• 11. Thesaurus - explode Selecting the blue thesaurus term will display the thesaurus “tree” with details of more specific or general terms in the thesaurus. Selecting exploded will search all the narrower terms beneath the selected term in the thesaurus. In this example it will include articles specifically indexed with the thesaurus terms Pregnancy Diabetes and Diabetic Angiopathy. If you do not select exploded the search will only retrieve articles indexed with the more general thesaurus term, and you may miss relevant articles.
  • 12. Results are displayed in a Search history table that builds up as you enter new terms or phrases. Your search statement is repeated in the Search Term column. The number of articles found for each search is displayed as hits. Clicking on the hit number will display citations for the records found. We need to focus our search a bit more before we display any records. Each new search is labelled with a number. You can use these numbers and search lines to combine different searches.
  • 13. Type one or more words, or a phrase, into the search box. It is helpful to search different topics separately and combine them later. Choose appropriate search criteria from the menu. Title and Abstract is the default setting. Multiple selections may be made by holding down the CTRL key. Finally select SEARCH .
  • 14. AND OR NOT
    • Typing two or more words will retrieve results that contain all those words in the criteria you selected.
    • To enter phrases, type your words within double quotes. Your results will only include results that contain this exact phrase in the criteria searched. Some phrase examples are:
    • “ cognitive behaviour therapy” “heart attack”
    • You can use the * as a wildcard to search for words with the same beginning. For example therap* will find therap y, therap ist and therap eutic; nurs* will find nurs ing, nurs ed, nurs e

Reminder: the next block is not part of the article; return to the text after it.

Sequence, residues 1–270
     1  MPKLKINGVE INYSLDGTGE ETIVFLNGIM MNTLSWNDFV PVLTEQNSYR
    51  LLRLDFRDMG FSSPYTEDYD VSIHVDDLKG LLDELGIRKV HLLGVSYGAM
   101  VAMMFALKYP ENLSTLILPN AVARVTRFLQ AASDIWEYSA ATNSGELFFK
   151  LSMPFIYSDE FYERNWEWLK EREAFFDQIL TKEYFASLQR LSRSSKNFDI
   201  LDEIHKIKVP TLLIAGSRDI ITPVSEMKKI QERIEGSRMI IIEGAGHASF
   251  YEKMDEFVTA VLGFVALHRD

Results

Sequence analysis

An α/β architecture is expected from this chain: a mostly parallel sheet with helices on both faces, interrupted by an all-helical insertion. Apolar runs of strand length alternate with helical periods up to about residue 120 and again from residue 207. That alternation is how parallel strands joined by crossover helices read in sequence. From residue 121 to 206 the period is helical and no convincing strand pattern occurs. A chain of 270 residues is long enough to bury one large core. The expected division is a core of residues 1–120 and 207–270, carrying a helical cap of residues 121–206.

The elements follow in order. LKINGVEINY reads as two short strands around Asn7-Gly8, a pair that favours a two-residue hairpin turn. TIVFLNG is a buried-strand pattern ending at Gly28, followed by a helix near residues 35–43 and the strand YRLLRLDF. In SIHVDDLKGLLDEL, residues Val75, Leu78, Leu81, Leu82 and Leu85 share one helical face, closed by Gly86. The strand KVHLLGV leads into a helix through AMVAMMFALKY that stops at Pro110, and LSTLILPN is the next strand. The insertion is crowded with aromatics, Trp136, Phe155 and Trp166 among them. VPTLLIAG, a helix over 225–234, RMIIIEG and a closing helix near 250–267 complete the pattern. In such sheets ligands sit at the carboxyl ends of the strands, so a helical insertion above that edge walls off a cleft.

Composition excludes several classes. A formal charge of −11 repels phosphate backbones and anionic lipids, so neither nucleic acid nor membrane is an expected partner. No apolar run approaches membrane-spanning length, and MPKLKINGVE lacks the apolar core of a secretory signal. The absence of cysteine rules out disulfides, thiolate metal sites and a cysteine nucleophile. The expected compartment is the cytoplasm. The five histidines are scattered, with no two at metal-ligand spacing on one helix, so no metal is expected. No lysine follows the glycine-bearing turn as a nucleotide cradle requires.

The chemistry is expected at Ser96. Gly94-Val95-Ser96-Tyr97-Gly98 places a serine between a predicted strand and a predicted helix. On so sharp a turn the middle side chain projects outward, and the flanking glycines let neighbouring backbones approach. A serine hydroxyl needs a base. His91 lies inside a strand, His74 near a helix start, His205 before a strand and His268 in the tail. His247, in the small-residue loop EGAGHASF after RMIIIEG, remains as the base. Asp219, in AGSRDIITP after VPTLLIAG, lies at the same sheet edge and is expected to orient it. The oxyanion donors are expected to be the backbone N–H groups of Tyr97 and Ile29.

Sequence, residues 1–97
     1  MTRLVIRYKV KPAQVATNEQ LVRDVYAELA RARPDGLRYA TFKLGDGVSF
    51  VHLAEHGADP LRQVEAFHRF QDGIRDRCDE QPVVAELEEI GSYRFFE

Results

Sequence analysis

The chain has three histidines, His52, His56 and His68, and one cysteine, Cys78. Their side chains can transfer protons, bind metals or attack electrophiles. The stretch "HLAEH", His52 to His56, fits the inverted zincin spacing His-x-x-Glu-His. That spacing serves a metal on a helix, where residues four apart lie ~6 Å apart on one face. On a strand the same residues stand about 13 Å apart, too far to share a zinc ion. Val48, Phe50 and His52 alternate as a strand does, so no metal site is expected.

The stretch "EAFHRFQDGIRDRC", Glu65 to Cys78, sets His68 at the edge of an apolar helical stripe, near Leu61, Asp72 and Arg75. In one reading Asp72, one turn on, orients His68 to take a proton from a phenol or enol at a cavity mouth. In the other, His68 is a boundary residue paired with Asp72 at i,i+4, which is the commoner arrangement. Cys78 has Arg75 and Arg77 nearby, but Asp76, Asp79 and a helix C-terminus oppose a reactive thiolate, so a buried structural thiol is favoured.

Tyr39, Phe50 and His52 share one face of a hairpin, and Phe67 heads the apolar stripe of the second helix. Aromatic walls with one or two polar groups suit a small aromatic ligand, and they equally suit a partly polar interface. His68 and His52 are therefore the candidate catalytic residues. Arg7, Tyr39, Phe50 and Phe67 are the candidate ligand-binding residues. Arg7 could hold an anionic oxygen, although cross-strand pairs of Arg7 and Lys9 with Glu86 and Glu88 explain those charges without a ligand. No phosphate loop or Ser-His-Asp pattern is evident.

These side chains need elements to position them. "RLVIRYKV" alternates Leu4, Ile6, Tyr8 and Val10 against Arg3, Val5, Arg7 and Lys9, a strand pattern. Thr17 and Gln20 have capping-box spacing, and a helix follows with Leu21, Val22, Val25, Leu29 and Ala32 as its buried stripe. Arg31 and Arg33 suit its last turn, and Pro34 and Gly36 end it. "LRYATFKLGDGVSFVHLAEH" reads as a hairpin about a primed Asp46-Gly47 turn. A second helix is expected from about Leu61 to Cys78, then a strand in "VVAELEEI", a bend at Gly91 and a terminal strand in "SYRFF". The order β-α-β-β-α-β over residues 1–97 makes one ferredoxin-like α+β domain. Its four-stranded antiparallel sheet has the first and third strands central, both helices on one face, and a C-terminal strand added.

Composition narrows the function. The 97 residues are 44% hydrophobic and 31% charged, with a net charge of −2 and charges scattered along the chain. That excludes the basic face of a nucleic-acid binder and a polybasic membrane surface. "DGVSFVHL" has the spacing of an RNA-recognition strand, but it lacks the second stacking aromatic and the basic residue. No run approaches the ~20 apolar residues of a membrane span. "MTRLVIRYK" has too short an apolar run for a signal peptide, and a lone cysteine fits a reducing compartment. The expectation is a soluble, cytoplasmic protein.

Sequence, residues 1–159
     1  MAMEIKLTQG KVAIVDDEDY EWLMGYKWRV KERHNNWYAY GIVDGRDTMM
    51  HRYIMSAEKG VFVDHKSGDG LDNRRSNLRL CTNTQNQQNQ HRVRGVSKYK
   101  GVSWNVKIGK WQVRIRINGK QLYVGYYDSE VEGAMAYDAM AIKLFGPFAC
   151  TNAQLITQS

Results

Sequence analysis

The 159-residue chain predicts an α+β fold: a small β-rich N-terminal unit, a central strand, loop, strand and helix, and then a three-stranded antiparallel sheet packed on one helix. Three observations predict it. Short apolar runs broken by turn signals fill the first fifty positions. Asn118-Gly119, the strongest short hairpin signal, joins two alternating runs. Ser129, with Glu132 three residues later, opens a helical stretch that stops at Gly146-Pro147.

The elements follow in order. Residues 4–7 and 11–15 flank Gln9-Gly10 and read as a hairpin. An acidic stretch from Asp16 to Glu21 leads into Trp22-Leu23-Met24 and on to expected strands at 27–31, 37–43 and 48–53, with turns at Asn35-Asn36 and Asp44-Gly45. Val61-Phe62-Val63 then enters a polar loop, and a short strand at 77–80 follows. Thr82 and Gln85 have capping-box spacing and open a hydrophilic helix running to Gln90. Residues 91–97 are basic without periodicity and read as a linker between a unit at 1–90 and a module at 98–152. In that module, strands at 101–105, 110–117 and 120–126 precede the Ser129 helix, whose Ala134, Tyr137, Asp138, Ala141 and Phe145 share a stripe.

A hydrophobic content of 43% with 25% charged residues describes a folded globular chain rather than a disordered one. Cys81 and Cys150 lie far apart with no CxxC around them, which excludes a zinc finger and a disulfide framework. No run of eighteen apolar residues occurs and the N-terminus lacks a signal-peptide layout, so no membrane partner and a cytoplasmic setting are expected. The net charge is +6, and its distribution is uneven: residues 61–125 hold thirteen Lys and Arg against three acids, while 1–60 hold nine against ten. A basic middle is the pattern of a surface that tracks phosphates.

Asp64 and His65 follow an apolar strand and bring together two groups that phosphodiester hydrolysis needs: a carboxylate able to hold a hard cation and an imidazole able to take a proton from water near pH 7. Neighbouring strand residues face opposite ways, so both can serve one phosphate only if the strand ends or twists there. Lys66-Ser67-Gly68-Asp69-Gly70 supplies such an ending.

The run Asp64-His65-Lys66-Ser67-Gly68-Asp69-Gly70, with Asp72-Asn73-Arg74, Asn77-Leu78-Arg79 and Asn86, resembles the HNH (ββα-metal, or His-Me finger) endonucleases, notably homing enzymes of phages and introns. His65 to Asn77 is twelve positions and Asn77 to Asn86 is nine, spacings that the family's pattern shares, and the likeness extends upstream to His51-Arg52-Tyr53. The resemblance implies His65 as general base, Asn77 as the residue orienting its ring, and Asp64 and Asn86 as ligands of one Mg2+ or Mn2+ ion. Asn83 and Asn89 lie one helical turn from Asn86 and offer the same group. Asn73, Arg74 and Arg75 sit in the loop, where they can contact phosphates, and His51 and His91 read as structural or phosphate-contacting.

• To search for an author use the format “Shirkey BL” or if the initials are unknown, replace initial with the wildcard * eg. “Shirkey *” or “Shirkey B*” . The quotes are essential.
  • 15. Combine similar topics with OR to retrieve items with either criteria. Here we want to retrieve articles that have been indexed as being about diabetes as well as articles with the term diabetes in the abstract/ title. To combine related thesaurus and keyword searches use OR Select the relevant search lines, choose the appropriate button, here OR, Then select Combine Selected Searches
  • 16. We can repeat this process for all our terms, for our search on the effectiveness of yoga as exercise for diabetics. Line 1 is the thesaurus or index term search and line 2 is the keyword search.
  • 17. Having combined related thesaurus and keyword searches, we also need to combine the different topics . Use AND where you want BOTH topics to be present in articles retrieved. In this example we need to use AND between our results for diabetes (thesaurus term or keyword) and yoga (thesaurus term or keyword)
  • 18.
    • Use the combine function AND to search for results that include both or all terms . AND will reduce the number of articles you retrieve. Usually used to combine different topics, for example,
    • diabetes AND insulin
    • “ art therapy” AND “mental health”
    • Use the combine function OR to search for results that include either term. OR will increase the number of articles retrieved. Usually used with similar topics, synonyms or alternative spellings. Some examples are pediatric OR paediatric stroke OR cva yoga or “tai chi” or pilates
    • NOT is also available but should be used with caution. For example diabetes NOT adult would exclude clinical trials involving both adults and children, not just those involving adults.
  • 19. Our combined search has retrieved 87 articles. We could view these citations by selecting the number of hits. We can also use the Limits function available for this database to reduce the number of results further.
  • 20. Limits are displayed beneath the search box. Use the arrows to open each limit and view options, or Expand all limits . To delete previously set limits, use Clear all limits.
  • 21. Here we have used the drop down menus in the Date Limits to limit retrieved articles to those dated 2005 to Current. It is possible to select a single year of records by selecting only a From Publication Year.
  • 22. Here we have expanded the Language Limits . Note that your previously selected date limit is displayed in light blue. If you want articles written only in English, select the English Language box. If you wish to select more than one language choose from the drop down Languages menu (including English) and do not select the single English limit. To select more than one option from a menu hold down the control key on your keyboard when you select options.